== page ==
The numbers have grown so huge that they now are essentially meaningless. In the third quarter of 2005, large truckload carriers suffered driver turnover at an annualized rate of 135 percent, according to the American Trucking Associations. ATA’s quarterly surveys show that the turnover rate for those carriers has dipped below 100 percent only once since 2002.
Given that most trucking operations have a core group of drivers who remain loyal for years, the churn has reached incomprehensible proportions. It’s truly twisted when a trucking executive is proud to have a turnover rate of 80 to 90 percent and ecstatic to reach 40 or 50 percent. And everyone has a story about a driver who abandoned a truck – under load – in a competitor’s yard so he could apply for a job there.
But even if you have grown numb to the numbers, you can’t overlook what happened on Feb. 14. That’s the day a federal judge in Oklahoma City issued a preliminary injunction to prohibit J.B. Hunt from recruiting and hiring drivers working under employment contracts with CRST Van Expedited.
CRST provides commercial driver’s license training for about 70 percent of its driver hires, and another 10 percent of hires come to the carrier with CDLs but no experience. After losing hundreds of drivers almost immediately after training them, CRST in 2003 implemented an employment agreement requiring drivers to stay with the carrier for six to 12 months in exchange for free driver training. CRST then put other carriers on notice that if they hired away drivers under contract, CRST would sue to recover training costs. A few months later, CRST slapped J.B. Hunt with a lawsuit.
It’s not surprising that J.B. Hunt ignored CRST’s threats. According to the record in the case, the Lowell, Ark.-based truckload giant faces 150 percent turnover among its 11,000 drivers, requiring it to hire more than 300 drivers a week on average. Nor is it surprising that CRST would sue to halt J.B. Hunt’s raids on its driver force. CRST suffers 180 percent turnover among its 2,800 drivers, requiring it to hire nearly 100 drivers a week on average. J.B. Hunt’s 160 driver recruiters are under enormous pressure to maintain the flow of drivers, and make about 80,000 calls a week to do so; J.B. Hunt recruiters were even cold-calling pay telephones in CRST’s driver trainee lounges.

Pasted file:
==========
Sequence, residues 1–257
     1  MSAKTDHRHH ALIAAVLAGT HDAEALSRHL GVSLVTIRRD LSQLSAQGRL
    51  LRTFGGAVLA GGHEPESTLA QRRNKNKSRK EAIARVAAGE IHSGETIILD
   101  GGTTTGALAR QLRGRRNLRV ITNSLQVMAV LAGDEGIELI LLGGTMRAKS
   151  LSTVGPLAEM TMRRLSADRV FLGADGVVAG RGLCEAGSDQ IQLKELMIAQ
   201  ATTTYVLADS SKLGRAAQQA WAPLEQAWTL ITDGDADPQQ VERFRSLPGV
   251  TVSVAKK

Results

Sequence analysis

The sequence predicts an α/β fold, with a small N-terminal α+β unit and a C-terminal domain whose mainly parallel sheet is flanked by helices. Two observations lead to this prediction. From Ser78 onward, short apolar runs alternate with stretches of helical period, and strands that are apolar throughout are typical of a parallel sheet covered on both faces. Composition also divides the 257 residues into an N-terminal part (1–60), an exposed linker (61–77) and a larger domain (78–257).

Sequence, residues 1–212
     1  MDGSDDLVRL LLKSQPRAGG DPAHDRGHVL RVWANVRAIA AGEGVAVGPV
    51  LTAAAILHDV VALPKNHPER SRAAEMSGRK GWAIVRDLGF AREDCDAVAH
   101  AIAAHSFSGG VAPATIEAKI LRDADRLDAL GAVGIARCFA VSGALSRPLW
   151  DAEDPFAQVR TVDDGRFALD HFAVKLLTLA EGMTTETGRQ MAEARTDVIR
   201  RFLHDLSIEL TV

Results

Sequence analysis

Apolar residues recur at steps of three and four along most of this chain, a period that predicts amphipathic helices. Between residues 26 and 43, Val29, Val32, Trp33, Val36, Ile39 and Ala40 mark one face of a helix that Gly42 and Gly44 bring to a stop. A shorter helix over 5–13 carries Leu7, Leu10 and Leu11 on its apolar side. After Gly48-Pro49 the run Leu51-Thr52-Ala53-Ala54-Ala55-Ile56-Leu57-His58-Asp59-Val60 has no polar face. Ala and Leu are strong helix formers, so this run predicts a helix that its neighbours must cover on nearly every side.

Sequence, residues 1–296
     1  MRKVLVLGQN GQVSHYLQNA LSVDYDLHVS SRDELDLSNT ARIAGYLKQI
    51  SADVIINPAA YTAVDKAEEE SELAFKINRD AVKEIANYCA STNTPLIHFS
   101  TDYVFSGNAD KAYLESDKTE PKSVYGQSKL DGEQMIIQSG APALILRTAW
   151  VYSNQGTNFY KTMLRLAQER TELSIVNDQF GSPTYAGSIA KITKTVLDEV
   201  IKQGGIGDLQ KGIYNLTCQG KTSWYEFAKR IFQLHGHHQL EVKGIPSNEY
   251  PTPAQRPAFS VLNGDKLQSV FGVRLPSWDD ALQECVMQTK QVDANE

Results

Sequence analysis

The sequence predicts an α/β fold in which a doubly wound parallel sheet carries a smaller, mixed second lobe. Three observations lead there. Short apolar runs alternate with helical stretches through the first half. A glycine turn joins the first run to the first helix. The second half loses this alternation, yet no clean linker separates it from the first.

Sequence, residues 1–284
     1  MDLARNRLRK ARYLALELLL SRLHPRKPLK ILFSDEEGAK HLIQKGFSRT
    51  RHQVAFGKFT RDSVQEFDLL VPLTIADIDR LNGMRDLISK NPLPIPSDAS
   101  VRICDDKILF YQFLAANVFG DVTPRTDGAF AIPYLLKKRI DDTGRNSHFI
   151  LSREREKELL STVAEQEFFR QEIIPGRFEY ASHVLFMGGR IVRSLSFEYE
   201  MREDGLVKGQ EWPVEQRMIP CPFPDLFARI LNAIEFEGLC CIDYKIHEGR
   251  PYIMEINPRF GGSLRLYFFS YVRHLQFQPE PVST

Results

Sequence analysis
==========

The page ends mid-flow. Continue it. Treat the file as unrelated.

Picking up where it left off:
While the immediate impact of Friot’s ruling is limited to J.B. Hunt and CRST, many carriers that train their own drivers are certain to pursue a similar legal course to protect their investments. This ruling could force carriers to think twice before trying to poach other carriers’ newly minted drivers.
The decision in favor of an injunction turned mostly on the harm to CRST and the likelihood that CRST ultimately would prevail on the merits. But Friot also recognized a public interest: “At a time of serious and chronic driver shortages, there is a social interest in protecting the lawful means by which industry competitors, such as CRST, have implemented driver development and training programs which enlarge the pool of available drivers and make attractive training and employment opportunities available to individuals who could not otherwise afford to pay the cost of entry into the pool of available long-haul drivers.”
Friot understands the challenge, and gradually the trucking industry is learning as well. Trucking executives are beginning to realize what the aging of the driver force will mean in the years ahead. Absent an expansion of the driver pool, the overwhelming churn will force many carriers out of business.
Individual carriers are adopting tactics to bring in new blood, and ATA and Truckload Carriers Association are leading broad-based initiatives to tap new communities. Friot’s injunction should further support the notion that stealing is no way to do business.